Too often, we get the PANIC call from companies AFTER they have made a technology mistake that put them in a serious bind. What companies fail to realize is that technology, by its nature is a moving target and finding the best possible IT solution requires quite a lot of work. It is tempting to go “cheap” when purchasing or hiring in the area of IT, but it is important to remember that a single mistake could lead to a catastrophic loss of company data.
I have been helping companies navigate the complex and confusing world of technology since 1985 and during that time, I have seen many great things come from the proper use of technology. Likewise, I have witnessed some horrible mistakes made by customers and prospects. I could provide numerous examples where technology has allowed a company to grow beyond the owner’s wildest dreams — and I have horror stories of companies that were literally put out of business due to poor technology planning and mistakes. Here is my list of the Top 10 Technology Mistakes Made by Small Businesses:
Mistake #1: No Reliable Backup
At least once each year, we get a call from a panicked customer because they needed to restore data from their backup system only to find that the backup did not include the proper data (or any data at all). NEVER (are you listening?) NEVER assume that your backup system is working properly. At least once each month you should backup a test directory, erase it, and then do a test restore. This will insure that your backup device is working, but you also need to make sure that the proper data is being backed up. Here’s a tip that could save your bacon some day: In addition to whatever backup system you have in place, go down to Best Buy and purchase one of the External USB drives (I recently saw a Terabyte drive available for under $100!) and use it to make a copy of your entire accounting/business management system. Take the drive home and make an appointment with yourself to bring it in and refresh your copy every month.
Mistake #2: Buying Cheap Equipment
You must first understand that all hardware is not created equal. The $49 router that you can pick up at Walmart simply will not perform as reliably as a business class router. Many small business owners cut corners on hardware to reduce cost and don’t realize that the cost of installing improper equipment is much higher when you consider repair costs, shorter lifespan, data corruption, and downtime. Purchase business class hardware for all mission critical applications.
Mistake #3: Overextending the technology life cycle
That five year old PC your receptionist is using probably won’t hurt business when it dies, but if the 10 year old server you are running dies it could cripple your business. All technology has a set life cycle. Manufacturers refer to the MTBF (mean time between failures) of equipment. Servers and PC’s have a life cycle of 3-5 years. The actual usable life of your equipment depends on how much the equipment is used and the operating conditions, so if you have mission critical hardware that is greater than 3-5 years old, start planning now to replace it. Don’t wait for the equipment to fail!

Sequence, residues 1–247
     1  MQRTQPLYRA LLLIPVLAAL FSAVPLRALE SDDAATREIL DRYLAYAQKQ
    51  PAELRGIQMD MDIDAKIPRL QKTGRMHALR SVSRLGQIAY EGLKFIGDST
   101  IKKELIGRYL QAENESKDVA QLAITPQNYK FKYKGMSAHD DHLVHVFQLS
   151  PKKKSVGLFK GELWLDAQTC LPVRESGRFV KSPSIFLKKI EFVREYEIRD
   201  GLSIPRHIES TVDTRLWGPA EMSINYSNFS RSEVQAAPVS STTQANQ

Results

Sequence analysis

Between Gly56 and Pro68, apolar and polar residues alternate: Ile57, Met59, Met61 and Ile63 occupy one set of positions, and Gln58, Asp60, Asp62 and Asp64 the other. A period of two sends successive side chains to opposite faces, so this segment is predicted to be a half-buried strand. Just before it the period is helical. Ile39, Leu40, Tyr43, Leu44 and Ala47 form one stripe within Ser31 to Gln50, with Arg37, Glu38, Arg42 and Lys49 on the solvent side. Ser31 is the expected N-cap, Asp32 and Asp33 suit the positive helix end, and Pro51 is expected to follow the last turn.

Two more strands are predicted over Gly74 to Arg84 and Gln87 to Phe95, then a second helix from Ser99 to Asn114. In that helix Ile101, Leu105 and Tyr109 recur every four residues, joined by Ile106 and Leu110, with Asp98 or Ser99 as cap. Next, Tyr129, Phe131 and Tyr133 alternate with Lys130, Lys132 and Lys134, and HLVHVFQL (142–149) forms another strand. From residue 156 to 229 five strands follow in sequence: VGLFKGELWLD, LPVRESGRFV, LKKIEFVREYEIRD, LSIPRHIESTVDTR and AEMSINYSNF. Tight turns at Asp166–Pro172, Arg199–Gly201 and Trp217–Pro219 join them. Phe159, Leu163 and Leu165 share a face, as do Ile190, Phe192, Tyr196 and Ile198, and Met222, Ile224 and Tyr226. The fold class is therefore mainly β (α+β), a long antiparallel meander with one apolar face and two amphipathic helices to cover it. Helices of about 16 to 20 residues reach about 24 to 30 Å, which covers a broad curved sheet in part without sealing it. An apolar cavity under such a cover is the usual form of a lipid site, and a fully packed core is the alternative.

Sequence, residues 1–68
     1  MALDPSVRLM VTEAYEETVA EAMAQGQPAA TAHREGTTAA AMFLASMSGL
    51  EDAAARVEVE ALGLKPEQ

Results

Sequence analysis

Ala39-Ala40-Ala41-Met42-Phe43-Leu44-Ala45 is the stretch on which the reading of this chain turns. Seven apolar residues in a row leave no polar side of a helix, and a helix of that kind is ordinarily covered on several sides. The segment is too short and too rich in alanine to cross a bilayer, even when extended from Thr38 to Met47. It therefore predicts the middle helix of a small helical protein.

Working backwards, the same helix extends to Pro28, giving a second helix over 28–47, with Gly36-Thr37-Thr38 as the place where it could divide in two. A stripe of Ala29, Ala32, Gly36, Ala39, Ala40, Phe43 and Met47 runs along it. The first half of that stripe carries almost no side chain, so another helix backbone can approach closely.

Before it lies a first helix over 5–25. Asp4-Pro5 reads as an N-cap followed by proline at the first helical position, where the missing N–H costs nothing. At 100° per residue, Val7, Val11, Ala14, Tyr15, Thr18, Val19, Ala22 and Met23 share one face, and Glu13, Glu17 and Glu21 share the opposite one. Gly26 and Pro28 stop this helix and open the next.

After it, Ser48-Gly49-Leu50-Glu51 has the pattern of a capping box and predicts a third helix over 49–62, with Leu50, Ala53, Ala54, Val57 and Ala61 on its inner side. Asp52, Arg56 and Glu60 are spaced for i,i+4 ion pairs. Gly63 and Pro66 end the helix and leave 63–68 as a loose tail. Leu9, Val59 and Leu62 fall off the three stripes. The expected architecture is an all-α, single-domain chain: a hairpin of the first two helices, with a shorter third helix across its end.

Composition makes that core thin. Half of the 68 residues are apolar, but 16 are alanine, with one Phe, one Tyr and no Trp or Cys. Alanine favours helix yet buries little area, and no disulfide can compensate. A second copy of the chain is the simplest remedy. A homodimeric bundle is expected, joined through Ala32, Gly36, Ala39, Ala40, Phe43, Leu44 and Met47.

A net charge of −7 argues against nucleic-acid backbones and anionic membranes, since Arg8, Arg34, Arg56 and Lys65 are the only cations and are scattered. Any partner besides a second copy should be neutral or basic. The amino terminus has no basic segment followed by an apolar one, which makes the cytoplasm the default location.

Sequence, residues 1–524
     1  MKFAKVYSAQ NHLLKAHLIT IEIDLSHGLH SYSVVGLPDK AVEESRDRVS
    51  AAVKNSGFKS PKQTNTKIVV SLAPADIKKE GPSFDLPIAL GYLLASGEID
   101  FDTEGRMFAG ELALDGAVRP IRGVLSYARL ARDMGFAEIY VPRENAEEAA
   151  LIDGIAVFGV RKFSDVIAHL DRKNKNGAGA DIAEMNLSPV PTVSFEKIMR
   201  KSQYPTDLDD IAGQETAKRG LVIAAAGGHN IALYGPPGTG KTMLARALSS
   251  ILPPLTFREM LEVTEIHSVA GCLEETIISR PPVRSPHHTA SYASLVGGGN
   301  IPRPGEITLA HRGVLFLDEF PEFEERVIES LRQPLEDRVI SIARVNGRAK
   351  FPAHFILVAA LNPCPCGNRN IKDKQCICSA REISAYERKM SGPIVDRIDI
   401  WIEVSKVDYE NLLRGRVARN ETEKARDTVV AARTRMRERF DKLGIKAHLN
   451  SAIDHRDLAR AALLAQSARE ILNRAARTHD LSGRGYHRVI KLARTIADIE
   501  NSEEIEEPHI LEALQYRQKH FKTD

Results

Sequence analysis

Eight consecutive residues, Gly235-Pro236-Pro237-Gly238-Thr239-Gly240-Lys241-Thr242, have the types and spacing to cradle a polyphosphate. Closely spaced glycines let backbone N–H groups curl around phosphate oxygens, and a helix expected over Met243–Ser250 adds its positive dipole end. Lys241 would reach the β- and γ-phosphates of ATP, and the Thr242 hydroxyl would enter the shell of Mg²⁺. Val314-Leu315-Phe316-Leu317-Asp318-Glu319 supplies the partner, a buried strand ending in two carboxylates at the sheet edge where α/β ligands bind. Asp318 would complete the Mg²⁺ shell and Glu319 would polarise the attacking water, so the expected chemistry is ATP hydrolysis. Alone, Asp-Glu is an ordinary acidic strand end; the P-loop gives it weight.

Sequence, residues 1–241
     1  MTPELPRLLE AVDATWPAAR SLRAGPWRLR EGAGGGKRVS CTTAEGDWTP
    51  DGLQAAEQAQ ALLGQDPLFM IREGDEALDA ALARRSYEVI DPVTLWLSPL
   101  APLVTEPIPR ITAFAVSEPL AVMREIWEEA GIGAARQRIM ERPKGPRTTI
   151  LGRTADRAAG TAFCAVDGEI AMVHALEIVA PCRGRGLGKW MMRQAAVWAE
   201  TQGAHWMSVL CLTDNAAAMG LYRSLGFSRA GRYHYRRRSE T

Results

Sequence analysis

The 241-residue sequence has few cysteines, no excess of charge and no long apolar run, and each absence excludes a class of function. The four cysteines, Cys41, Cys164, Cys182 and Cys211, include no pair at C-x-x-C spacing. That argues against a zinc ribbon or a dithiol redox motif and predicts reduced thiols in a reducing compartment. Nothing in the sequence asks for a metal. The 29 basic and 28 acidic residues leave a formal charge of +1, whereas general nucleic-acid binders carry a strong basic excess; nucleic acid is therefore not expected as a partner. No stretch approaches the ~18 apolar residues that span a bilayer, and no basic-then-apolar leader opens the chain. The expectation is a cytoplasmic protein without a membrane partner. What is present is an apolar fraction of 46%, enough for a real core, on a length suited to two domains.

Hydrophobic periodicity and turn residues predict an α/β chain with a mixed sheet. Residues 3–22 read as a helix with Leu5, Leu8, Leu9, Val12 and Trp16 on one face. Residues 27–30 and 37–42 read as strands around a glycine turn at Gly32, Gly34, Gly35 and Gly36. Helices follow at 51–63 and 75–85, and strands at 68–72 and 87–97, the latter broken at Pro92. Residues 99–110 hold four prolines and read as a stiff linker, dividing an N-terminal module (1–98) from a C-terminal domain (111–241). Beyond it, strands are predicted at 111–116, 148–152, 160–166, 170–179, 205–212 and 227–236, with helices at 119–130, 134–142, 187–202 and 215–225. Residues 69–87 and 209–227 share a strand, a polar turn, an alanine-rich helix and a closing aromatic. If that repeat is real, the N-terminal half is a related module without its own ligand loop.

Mistake #4: “Set it and Forget it”
Perhaps the most common error made by small business owners is using the “Set it and Forget it” strategy for IT infrastructure. IT hardware and software requires routine and regular maintenance and adjustment. Like your automobile, you should have a regular maintenance routine for your IT System that is performed at specific intervals. Servers and software need continual care so they can perform at optimal levels. Insuring the health of your backup system (as described in Item #1 above) is but a single example of the regular maintenance required to maintain system integrity.
Mistake #5 Buying new software while skipping hardware upgrades
Software publishers are notorious for offering releases that require a significant hardware upgrade in order to run the new version. Too many small business owners purchase the newest version of the software they use without giving any consideration to new hardware requirements. The result is a failed upgrade and often that failure brings the business to a screeching halt until the old version can be reinstalled or until new hardware can be put in place. Check with software publishers to get minimum system requirements prior to installing an upgrade and make sure your existing system meets those standards. If new hardware has to be purchased, please don’t purchase to meet the “minimum” requirements – buy equipment that exceeds the minimum requirements by at least 1 or 2 levels. This will insure proper operation at the new level and will likely increase the replacement time frame.
Mistake #6: Forgoing User Training